House Energy & Commerce Committee chairman Greg Walden signaled last week that his committee is working on a way to mitigate global supply chain risks without breaking key links in that chain.
That came at a White House summit on 5G, the deployment of which is a Trump Administration and FCC priority, as well as for Congress, Walden made clear.
"I’m pleased to report the Energy and Commerce Committee is working toward a bipartisan, long-term solution on supply chain risks," he told the White House audience Friday (Sept. 29).
Chinese telecoms have been much in the news, with Congress and the Trump Administration at odds over just how to address the issue of keeping tabs on companies with key tech but links to the Chinese government, and doing so without preventing U.S. access to key components of the next-gen wireless broadband delivery system that will be crucial to an internet of things world.
One point of contention has been the Trump Administration's ban, then reversal of that ban, on U.S. imports to Chinese telecom ZTE (President Trump instructed the Commerce Department to strike a deal that lifted the ZTE ban after the Chinese president reached out to him over the resulting Chinese job losses).
Back in April, the Commerce Department had rescinded the export privileges of U.S. companies sending tech to ZTE saying it had violated the terms of its settlement agreement with the U.S. over illegally shipping telecom equipment to Iran and North Korea.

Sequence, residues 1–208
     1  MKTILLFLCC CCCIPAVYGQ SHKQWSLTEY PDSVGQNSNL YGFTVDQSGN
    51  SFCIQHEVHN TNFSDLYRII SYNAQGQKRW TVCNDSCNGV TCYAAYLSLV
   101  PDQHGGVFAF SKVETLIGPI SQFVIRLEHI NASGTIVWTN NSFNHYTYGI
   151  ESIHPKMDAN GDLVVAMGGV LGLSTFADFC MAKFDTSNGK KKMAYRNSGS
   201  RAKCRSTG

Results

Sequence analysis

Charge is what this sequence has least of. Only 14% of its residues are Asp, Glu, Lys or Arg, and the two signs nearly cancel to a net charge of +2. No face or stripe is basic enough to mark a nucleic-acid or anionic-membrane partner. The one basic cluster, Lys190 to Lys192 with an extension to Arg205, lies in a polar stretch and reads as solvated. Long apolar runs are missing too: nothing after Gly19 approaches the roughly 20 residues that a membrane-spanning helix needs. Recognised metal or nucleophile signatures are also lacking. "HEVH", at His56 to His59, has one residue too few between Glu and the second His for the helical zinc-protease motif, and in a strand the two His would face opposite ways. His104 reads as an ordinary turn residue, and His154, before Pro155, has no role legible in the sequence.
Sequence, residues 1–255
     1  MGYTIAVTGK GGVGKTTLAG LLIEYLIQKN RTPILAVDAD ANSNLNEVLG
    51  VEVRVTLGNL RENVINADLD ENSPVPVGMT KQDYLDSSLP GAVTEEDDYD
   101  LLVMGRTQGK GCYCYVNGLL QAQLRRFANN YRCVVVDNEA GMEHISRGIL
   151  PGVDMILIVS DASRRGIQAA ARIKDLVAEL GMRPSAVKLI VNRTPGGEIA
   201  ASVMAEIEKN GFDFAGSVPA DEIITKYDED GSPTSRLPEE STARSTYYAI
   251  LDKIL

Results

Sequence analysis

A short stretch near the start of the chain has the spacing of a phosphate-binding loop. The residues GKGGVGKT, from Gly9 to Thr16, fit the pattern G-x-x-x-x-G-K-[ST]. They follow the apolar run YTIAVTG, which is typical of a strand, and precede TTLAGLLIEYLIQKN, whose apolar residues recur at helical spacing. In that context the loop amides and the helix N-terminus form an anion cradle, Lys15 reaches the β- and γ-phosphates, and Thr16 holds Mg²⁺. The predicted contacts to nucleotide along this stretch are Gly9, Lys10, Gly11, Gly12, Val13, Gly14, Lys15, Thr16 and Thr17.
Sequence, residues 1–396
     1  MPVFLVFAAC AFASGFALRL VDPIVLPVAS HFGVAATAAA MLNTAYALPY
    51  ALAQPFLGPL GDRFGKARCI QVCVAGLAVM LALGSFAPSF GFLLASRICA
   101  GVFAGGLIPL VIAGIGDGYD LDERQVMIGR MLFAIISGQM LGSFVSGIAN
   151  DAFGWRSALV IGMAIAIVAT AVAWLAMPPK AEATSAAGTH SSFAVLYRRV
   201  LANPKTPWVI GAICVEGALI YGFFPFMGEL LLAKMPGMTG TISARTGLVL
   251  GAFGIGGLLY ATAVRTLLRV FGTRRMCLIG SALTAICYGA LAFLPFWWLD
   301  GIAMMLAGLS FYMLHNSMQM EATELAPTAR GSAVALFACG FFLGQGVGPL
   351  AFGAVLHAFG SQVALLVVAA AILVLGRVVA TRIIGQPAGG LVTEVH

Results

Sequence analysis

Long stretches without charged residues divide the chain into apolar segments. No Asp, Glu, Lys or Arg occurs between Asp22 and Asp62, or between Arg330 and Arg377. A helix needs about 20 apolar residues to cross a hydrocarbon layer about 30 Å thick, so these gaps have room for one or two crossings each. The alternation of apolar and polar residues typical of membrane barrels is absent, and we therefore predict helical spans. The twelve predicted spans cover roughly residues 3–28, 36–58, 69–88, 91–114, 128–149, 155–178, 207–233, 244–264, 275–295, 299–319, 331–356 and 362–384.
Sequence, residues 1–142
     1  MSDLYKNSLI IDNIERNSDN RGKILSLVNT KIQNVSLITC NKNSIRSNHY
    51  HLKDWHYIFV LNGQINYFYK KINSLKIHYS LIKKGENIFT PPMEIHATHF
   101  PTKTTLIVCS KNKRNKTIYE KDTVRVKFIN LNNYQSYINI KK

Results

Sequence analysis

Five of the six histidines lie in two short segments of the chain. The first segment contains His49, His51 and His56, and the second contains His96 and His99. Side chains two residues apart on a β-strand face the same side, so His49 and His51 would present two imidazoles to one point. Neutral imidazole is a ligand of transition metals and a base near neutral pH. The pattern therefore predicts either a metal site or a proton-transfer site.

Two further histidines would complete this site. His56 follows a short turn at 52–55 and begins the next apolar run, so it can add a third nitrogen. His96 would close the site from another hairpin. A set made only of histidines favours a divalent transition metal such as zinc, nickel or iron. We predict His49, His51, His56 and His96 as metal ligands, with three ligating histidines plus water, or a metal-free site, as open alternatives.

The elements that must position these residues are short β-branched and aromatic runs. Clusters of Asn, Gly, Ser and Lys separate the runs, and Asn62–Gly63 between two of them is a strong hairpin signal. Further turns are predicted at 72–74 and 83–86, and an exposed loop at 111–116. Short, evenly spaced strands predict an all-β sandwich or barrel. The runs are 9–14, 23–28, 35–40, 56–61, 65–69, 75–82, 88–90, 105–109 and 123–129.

The White House pointed to the conditions it put on lifting the ban and the fine it levied against the company.
Walden argues that the U.S. needs to think globally and holistically. "It’s critical we continue to focus on mitigating risks to the global supply chain of communications equipment and services, he said, adding: "There have been alarm bells at all levels of government about potential risks to the supply chain. But some of the proposed solutions can be just as alarming."
"There are some who think we can simply ban vendors from American markets. But the marketplace for hardware and software is global. Without a forward-looking strategy, it will be increasingly difficult for our domestic communications providers to obtain their equipment from trusted vendors," he said.
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